President Trump with Health and Human Services Secretary Alex Azar. Photo: Chip Somodevilla/Getty Images

Legal challenges aren't slowing down the Trump administration's push to reframe Medicaid as something closer to a welfare program.

Driving the news: The Centers for Medicare & Medicaid Services on Friday approved Ohio's proposal to add work requirements to its Medicaid program.

  • Just a day earlier, Justice Department lawyers were back before the same federal judge who ruled against work requirements last year, urging him to let the policy move forward now.

Where it stands: CMS has approved work requirements for 8 states, 3 of which have begun enforcing those rules. Several more applications are still pending.

By the numbers: Ohio expects roughly 18,000 people to lose their Medicaid eligibility this year because of the new rules.

  • In Arkansas, the first state to begin enforcing its work requirements, 18,000 people lost their coverage in the first 6 months.

Those coverage losses are central to the lawsuits challenging these new rules.

  • Federal law says the process through which CMS is approving these waivers should be used for ideas that serve Medicaid's goals as a source of health care coverage.
  • Critics argue that work requirements don't advance Medicaid as a health care program, as evidenced by the fact that they cause so many people to lose their coverage.
  • Judge James Boasberg seemed inclined to agree with that argument last year when he put Kentucky's work requirements on ice, and echoed similar concerns again last week as he weighed fresh challenges to both Kentucky and Arkansas' rules.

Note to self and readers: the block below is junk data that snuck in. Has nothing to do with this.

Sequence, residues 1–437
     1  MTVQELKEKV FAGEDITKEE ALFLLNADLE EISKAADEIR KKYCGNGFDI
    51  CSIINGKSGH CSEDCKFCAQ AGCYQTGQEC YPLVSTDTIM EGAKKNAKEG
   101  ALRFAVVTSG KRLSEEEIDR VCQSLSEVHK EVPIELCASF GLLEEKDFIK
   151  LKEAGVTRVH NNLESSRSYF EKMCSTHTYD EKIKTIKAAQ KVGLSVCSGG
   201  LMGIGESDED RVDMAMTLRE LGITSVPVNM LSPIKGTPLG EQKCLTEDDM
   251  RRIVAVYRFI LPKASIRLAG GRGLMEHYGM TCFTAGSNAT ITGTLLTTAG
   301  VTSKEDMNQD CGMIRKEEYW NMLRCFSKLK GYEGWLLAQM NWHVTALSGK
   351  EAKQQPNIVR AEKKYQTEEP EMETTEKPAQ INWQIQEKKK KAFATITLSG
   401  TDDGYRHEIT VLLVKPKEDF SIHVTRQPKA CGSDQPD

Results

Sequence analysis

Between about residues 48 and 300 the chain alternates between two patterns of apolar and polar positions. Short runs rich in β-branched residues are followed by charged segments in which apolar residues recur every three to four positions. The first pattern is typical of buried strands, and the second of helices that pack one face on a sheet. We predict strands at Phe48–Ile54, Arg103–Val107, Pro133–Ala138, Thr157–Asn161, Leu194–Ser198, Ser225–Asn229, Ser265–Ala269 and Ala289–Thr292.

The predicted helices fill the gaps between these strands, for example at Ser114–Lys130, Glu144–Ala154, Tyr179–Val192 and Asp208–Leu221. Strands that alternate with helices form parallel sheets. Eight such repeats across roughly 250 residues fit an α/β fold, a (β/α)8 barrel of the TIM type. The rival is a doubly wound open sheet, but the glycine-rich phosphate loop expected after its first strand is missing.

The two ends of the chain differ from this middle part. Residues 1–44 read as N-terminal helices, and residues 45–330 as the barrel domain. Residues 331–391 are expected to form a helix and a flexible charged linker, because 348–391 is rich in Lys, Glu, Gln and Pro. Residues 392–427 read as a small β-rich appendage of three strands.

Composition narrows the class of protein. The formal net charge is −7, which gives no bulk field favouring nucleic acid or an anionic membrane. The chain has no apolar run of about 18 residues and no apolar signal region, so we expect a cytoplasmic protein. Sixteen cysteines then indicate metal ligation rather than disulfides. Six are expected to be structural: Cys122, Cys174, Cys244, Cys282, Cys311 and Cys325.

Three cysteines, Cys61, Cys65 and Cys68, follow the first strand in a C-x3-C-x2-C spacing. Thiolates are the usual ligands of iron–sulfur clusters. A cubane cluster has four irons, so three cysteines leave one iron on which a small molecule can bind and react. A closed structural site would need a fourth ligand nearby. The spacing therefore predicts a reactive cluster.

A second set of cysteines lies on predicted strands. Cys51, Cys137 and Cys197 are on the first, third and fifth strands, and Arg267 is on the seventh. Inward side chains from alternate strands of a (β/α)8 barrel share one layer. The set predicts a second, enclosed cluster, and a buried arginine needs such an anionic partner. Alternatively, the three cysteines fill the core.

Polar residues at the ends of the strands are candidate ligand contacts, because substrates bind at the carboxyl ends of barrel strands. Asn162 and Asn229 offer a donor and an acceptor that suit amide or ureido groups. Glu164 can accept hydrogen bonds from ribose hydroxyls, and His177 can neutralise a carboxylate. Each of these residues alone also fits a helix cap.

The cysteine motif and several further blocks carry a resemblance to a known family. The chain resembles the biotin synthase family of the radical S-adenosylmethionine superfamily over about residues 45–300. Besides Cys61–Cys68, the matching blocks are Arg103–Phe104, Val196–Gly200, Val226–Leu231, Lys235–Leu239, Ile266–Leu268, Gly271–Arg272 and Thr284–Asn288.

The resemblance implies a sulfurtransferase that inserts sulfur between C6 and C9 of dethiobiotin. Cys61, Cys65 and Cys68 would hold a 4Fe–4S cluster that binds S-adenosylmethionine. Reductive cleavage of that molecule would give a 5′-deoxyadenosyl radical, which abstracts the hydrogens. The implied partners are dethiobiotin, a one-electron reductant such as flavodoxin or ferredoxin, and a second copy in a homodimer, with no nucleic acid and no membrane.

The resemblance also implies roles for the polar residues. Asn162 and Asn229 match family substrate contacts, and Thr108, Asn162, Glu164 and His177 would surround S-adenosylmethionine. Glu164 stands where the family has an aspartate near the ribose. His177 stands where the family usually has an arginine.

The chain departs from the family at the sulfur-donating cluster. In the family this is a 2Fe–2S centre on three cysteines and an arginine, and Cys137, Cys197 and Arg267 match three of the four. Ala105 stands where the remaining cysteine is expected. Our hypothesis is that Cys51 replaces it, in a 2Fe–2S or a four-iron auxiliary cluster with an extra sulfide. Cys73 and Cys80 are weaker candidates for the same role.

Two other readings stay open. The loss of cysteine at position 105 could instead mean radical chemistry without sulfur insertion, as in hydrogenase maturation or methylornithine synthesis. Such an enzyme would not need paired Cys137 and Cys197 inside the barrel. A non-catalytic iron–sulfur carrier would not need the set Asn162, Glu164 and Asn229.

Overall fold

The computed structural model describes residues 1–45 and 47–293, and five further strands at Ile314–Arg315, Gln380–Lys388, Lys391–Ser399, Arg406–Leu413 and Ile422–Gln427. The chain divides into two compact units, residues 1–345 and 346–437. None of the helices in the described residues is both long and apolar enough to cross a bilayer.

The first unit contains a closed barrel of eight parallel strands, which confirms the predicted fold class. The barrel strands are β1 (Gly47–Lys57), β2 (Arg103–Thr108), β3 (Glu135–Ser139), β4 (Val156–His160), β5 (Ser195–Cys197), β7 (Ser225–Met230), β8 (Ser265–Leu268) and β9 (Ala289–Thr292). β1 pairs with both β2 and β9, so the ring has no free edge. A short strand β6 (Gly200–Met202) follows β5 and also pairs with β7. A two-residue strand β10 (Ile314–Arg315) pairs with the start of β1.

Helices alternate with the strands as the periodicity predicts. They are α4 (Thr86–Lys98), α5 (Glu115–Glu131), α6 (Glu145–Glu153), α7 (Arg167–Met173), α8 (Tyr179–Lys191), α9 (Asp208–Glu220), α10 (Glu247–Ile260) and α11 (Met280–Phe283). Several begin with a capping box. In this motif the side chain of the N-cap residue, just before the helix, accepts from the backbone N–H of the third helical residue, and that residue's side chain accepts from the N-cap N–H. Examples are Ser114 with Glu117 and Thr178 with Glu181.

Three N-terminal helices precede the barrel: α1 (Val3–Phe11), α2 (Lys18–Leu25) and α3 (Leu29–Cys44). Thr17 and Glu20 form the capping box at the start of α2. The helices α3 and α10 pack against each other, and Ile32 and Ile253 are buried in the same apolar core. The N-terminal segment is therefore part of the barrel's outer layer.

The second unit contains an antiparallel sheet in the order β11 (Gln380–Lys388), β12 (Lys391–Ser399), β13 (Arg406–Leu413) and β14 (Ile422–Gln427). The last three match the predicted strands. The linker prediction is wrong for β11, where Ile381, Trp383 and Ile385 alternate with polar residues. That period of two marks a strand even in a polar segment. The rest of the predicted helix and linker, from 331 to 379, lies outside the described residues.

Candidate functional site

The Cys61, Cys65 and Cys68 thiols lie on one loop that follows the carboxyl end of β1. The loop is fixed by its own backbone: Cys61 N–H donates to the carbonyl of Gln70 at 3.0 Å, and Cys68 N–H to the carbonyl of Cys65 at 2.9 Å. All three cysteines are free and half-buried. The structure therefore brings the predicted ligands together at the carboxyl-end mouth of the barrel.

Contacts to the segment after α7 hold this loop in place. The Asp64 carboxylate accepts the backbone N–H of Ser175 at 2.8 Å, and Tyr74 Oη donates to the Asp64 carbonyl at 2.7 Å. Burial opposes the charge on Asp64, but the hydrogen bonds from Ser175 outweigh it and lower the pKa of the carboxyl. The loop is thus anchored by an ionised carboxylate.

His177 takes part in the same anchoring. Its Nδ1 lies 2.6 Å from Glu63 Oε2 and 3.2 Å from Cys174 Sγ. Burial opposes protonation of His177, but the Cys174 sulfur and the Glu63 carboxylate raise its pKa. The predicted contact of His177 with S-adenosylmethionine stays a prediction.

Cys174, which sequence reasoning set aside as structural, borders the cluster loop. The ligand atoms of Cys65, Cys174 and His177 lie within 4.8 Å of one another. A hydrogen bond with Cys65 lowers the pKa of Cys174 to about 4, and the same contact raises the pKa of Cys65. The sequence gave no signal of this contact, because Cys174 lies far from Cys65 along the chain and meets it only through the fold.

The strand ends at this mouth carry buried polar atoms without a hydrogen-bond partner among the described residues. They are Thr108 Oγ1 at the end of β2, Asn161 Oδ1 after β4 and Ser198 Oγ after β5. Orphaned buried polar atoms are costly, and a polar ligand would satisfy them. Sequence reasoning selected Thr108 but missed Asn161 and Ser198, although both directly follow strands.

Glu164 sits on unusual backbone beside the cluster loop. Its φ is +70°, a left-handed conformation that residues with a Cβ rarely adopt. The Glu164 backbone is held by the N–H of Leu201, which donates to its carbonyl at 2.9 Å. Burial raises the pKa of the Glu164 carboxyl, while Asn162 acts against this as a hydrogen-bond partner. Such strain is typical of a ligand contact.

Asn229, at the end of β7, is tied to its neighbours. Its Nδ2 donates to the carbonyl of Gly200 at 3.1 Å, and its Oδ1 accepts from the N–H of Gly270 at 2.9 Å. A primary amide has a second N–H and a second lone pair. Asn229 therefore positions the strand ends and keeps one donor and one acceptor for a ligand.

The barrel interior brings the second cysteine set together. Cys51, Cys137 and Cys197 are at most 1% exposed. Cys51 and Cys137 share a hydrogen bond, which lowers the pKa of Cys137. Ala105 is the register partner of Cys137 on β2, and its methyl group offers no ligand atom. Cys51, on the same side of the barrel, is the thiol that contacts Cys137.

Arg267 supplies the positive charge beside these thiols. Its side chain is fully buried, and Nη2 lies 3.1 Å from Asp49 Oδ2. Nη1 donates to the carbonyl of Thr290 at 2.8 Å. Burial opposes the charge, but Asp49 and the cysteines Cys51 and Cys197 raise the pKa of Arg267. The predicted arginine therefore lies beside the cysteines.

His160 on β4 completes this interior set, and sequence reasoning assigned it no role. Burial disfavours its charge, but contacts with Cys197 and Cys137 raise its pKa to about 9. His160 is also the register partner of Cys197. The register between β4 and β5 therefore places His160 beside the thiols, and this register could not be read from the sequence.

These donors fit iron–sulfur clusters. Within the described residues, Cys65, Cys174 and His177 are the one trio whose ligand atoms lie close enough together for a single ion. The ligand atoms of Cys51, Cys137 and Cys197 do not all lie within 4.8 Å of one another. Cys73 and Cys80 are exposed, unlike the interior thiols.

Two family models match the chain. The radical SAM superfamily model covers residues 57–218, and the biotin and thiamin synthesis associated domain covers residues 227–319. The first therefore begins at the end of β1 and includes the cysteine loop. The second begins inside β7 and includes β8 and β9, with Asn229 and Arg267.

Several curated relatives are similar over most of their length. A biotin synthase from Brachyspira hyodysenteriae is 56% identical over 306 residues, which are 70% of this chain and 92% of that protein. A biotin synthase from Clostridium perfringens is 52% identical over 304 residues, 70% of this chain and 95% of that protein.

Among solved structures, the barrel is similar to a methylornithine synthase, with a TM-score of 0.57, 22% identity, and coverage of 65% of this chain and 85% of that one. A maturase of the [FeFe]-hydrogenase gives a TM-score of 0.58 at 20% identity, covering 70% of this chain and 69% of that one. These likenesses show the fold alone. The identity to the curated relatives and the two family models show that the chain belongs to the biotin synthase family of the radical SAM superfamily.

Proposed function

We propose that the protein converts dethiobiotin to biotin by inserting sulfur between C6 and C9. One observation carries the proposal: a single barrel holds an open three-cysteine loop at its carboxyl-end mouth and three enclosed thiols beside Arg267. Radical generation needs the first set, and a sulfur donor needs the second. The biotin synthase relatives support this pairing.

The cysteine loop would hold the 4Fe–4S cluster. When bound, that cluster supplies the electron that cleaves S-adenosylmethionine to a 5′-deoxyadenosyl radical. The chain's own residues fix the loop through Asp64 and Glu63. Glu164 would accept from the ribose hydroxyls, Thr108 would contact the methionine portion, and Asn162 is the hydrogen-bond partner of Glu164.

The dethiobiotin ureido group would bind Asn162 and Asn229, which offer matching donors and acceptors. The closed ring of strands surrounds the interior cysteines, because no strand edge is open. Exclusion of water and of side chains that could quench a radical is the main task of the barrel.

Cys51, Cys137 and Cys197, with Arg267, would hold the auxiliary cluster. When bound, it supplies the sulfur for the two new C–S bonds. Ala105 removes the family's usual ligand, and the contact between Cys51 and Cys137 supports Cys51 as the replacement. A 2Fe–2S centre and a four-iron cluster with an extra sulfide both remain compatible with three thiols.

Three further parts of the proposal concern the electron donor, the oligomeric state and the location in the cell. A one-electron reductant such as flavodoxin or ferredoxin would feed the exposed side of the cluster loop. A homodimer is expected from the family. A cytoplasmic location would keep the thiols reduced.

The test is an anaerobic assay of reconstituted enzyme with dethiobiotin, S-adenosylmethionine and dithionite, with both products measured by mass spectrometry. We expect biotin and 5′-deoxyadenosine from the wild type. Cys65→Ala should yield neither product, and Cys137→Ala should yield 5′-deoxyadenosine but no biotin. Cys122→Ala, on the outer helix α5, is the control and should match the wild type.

Go deeper: Kentucky's Medicaid work requirements are back in court

Go deeper

Updated 2 hours ago - Politics & Policy

Coronavirus dashboard

Illustration: Sarah Grillo/Axios

  1. Global: Total confirmed cases as of 9 p.m. ET: 18,187,396 — Total deaths: 691,352 — Total recoveries — 10,841,436Map.
  2. U.S.: Total confirmed cases as of 9 p.m. ET: 4,711,323 — Total deaths: 155,379 — Total recoveries: 1,513,446 — Total tests: 57,543,852Map.
  3. Politics: White House will require staff to undergo randomized coronavirus testing — Pelosi says Birx "enabled" Trump on misinformation.
  4. Sports: 13 members of St. Louis Cardinals test positive, prompting MLB to cancel Tigers series — Former FDA chief says MLB outbreaks should be warning sign for schools.
  5. 1 🎥 thing: "Tenet" may be the first major film to get a global pandemic release.

In photos: Thousands evacuated as Southern California fire grows

A plane makes a retardant drop on a ridge at the Apple Fire north of Banning in Riverside County, which "doubled in size" Saturday, per KTLA. Robert Gauthier / Los Angeles Times via Getty Images

A massive wildfire that prompted mandatory evacuations in Southern California over the weekend burned 26,450 acres and was 5% contained by Monday afternoon, the California Department of Forestry and Fire Protection said.

The big picture: As California remains an epicenter of the coronavirus pandemic in the U.S., some 15 separate fires are raging across the state. About 7,800 people were under evacuation orders from the Apple Fire, about 75 miles east of Los Angeles, as hundreds of firefighters battled the blaze. CalFire said Monday that a malfunction involving a "diesel-fueled vehicle emitting burning carbon from the exhaust system" started the Apple Fire.

Twitter faces FTC fine of up to $250 million over alleged privacy violations

Photo: Rafael Henrique/SOPA Images/LightRocket

The Federal Trade Commission has accused Twitter of using phone numbers and emails from its users to make targeted ads between 2013 and 2019, Twitter said in an SEC filing published Monday.

Why it matters: Twitter estimates that the FTC's draft complaint, which was sent a few days after its Q2 earnings report, could cost the company between $150 million and $250 million. The complaint is unrelated to the recent Twitter hack involving a bitcoin scam.